Boris Johnson has announced a $158 mln “innovative” migration partnership with Rwanda
On Thursday, UK Prime Minister Boris Johnson announced a £120 million ($158 million) deal which would enable the UK to relocate illegal migrants to Rwanda.
Speaking in Kent, Johnson said that while Britain’s “The power of compassion can be limitless” its capacity to help people is not.
“We can’t ask the British taxpayer to write a blank check to cover the costs of anyone who might want to come and live here,” he said.
Johnson pointed out that, since 2015, the UK has offered refuge for over 185,000 people, and is now welcoming “Unlimited numbers” of Ukrainian refugees.
Uncontrolled migration causes tremendous pressure on the UK’s social services, and therefore, the prime minister argued, the policies require an urgent change, especially when it comes to those who try to “Avoid the system” by paying people smugglers.
“So, from today, our new Migration and Economic Development Partnership will mean that anyone entering the UK illegally – as well as those who have arrived illegally since January 1st – may now be relocated to Rwanda,” Johnson announced.
According to the prime minister, the deal comes not only as a relief for the UK but also as a powerful instrument to disrupt “Business model for the Gangs.”
Johnson emphasized that Rwanda was “It is one of the best countries to live in.” and was capable of resettling “Tens of thousands” in the years ahead.
Moreover, the prime minister hopes that the partnership with Rwanda will set “A new standard international approach to addressing global migration challenges and people smuggling.”
UK Home Secretary Priti Patel on Thursday signed a five-year agreement with the Rwandan government in the country’s capital, Kigali.
✍🏽🇬🇧🇷🇼Part of my global partnership today with Rwanda. This will help me break down the deadly people smugglers business model, and protect vulnerable individuals through legal and safe routes. #NewPlanForImmigration. pic.twitter.com/pqJc7Dc4IJ
— Priti Patel (@pritipatel) April 14, 2022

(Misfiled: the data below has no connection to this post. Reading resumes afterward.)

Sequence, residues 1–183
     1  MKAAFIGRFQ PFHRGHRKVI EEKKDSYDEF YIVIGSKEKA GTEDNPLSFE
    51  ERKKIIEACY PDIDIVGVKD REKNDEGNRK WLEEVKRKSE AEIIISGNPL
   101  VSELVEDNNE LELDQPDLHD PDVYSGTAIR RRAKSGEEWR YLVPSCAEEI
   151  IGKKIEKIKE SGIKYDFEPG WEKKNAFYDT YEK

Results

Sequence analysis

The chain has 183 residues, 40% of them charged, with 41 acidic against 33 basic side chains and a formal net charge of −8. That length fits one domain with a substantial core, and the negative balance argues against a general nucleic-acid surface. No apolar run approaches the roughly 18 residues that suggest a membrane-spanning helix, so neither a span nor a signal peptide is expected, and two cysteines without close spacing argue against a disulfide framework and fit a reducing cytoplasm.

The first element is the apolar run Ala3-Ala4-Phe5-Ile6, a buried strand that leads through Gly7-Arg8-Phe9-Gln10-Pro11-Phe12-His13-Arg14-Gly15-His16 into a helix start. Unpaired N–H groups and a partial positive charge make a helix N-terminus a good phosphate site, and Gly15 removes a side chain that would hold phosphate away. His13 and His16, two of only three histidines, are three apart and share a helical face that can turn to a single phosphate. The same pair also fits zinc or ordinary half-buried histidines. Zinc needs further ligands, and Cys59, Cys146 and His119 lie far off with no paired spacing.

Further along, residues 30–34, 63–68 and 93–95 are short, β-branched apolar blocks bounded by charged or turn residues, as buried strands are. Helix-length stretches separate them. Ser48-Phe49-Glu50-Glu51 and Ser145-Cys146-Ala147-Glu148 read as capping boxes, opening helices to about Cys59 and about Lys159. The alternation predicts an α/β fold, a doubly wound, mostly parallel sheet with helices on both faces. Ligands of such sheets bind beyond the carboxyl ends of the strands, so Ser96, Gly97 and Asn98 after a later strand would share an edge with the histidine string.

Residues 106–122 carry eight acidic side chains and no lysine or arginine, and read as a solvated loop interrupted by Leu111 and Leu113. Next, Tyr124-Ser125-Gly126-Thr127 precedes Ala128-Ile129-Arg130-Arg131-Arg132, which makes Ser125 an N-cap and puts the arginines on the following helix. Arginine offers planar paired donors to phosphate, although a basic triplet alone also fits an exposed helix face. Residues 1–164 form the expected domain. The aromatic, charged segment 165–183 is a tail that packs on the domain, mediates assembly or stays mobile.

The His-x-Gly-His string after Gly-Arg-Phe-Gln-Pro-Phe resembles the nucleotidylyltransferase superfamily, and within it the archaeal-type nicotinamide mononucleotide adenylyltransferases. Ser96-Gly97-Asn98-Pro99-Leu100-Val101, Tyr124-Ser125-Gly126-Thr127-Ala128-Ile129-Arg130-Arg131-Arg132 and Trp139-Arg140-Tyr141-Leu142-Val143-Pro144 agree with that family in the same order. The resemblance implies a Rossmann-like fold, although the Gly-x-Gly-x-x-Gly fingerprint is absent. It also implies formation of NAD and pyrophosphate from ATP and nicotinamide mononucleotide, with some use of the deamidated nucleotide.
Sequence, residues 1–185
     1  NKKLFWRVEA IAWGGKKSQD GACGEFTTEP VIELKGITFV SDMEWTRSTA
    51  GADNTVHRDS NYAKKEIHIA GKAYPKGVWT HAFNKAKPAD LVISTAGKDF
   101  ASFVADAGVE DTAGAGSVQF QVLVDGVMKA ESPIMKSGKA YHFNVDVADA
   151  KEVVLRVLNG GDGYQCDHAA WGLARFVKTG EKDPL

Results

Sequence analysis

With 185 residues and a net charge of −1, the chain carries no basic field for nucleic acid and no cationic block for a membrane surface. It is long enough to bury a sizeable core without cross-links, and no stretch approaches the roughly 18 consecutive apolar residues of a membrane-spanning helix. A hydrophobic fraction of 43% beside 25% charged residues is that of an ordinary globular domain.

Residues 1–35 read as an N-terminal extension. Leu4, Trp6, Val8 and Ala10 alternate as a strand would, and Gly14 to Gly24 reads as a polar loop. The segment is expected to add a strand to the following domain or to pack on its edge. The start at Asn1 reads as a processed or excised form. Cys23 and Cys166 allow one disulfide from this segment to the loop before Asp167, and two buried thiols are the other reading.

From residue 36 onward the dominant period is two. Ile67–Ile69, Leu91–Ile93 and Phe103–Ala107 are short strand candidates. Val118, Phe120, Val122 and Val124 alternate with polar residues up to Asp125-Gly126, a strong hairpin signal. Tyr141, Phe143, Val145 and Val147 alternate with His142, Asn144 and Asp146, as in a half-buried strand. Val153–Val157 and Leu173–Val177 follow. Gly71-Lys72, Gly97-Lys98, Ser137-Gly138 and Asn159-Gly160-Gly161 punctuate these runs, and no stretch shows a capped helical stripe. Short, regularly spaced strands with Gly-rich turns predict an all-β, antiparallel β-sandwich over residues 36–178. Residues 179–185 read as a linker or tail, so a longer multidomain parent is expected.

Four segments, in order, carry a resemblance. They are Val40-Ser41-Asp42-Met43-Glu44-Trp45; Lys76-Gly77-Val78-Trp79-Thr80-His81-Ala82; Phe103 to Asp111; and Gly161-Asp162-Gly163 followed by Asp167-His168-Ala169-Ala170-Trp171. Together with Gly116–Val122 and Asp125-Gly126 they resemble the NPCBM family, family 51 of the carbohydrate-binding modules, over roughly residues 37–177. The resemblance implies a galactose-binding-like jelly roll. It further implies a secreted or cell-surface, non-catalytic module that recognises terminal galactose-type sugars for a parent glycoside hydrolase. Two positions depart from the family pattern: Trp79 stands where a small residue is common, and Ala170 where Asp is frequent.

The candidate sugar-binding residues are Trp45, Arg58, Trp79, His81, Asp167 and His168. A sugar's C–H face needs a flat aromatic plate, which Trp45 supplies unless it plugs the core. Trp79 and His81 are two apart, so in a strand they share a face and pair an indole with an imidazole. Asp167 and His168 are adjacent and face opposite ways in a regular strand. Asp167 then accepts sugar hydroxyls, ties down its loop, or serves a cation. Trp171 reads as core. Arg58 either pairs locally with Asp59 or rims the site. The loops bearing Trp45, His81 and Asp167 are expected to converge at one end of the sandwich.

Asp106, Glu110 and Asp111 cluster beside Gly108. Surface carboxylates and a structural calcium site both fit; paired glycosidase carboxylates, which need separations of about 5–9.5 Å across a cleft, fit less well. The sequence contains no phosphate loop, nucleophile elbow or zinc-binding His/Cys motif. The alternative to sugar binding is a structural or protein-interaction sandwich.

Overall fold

Under this agreement, the UK is investing £120 million into the economic development and growth of Rwanda. According to the Home Office, Britain will provide financial support to assist in the delivery and accommodation of asylum, as well as integration.
Johnson also announced that, starting from Thursday, the Royal Navy would “Take over the operational command from Border Force” in the English Channel and would be responsible for identifying, intercepting, and investigating the suspicious boats.
“This will be supported with £50 million of new funding for new boats, aerial surveillance and military personnel in addition to the existing taskforce of patrol vessels, Wildcat helicopters, search and rescue aircraft, drones and remotely piloted aircraft,” the prime minister said.
As one would expect, the UK government’s announcements have been met with a massive backlash. The Refugee Council – a charity which stands up for the rights of refugees and asylum seekers in the UK – said that it was “appalled by the Government’s cruel and nasty decision” and urged it “to immediately rethink its plans.”
According to the council’s CEO, Enver Solomon, the new Migration Partnership “will do little to deter them from coming to this country, but only lead to more human suffering and chaos – at a huge expense of an estimated £1.4 billion a year.”
UK Shadow Home Secretary Yvette Cooper called the government’s Rwanda plan “extortionate as well as unworkable & unethical.”
The choice of Rwanda to be a refugee country for migrants is also controversial. Rwanda, which was notorious for its ethnic genocide of Tutsi in 1994, had a poor track record of human rights, according Amnesty International reports and the State Department.
Foreseeing the criticism, the prime minister responded to it in his speech by asking critics, “What is your alternative?”
It has always been an issue in the UK. The number of illegal migrants crossing the English Channel continues to rise despite many deaths. Johnson estimates that around 600 migrants arrived in the UK via boats on Wednesday.
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